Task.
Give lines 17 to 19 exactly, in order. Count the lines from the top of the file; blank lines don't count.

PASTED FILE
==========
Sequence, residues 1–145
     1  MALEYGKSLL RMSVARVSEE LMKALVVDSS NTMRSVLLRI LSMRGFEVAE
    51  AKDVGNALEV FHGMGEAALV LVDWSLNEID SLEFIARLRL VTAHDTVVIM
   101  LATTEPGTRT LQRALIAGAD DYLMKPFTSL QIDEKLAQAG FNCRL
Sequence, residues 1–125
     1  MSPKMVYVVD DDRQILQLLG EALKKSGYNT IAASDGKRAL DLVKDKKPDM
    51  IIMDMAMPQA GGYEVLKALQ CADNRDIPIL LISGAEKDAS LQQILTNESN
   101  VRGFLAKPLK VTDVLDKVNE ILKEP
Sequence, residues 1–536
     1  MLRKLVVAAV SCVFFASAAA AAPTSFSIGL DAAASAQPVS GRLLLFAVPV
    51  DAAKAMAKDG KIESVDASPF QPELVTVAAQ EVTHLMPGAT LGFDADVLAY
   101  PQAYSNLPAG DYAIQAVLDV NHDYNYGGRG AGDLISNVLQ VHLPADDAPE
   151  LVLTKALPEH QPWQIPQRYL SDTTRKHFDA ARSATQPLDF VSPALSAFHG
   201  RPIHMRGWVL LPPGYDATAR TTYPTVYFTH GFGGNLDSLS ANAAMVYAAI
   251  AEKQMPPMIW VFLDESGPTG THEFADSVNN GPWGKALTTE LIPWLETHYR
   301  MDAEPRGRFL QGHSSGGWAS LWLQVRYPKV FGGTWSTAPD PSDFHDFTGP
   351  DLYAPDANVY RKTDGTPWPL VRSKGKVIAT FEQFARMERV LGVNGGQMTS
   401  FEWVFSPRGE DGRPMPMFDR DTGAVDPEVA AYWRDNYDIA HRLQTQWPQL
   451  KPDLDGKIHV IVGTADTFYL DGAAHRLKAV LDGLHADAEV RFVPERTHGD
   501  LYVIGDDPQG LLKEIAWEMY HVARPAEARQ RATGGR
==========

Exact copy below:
   351  DLYAPDANVY RKTDGTPWPL VRSKGKVIAT FEQFARMERV LGVNGGQMTS
   401  FEWVFSPRGE DGRPMPMFDR DTGAVDPEVA AYWRDNYDIA HRLQTQWPQL
   451  KPDLDGKIHV IVGTADTFYL DGAAHRLKAV LDGLHADAEV RFVPERTHGD